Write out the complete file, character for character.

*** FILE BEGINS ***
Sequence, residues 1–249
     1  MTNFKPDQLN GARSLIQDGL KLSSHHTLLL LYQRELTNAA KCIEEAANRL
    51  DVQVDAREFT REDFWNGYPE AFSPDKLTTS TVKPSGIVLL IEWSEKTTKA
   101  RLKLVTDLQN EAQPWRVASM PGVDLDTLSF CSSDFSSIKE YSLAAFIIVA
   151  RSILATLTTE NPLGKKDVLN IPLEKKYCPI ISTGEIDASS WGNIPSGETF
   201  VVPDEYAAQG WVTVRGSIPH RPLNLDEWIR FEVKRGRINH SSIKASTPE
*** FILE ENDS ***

Sequence, residues 1–249
     1  MTNFKPDQLN GARSLIQDGL KLSSHHTLLL LYQRELTNAA KCIEEAANRL
    51  DVQVDAREFT REDFWNGYPE AFSPDKLTTS TVKPSGIVLL IEWSEKTTKA
   101  RLKLVTDLQN EAQPWRVASM PGVDLDTLSF CSSDFSSIKE YSLAAFIIVA
   151  RSILATLTTE NPLGKKDVLN IPLEKKYCPI ISTGEIDASS WGNIPSGETF
   201  VVPDEYAAQG WVTVRGSIPH RPLNLDEWIR FEVKRGRINH SSIKASTPE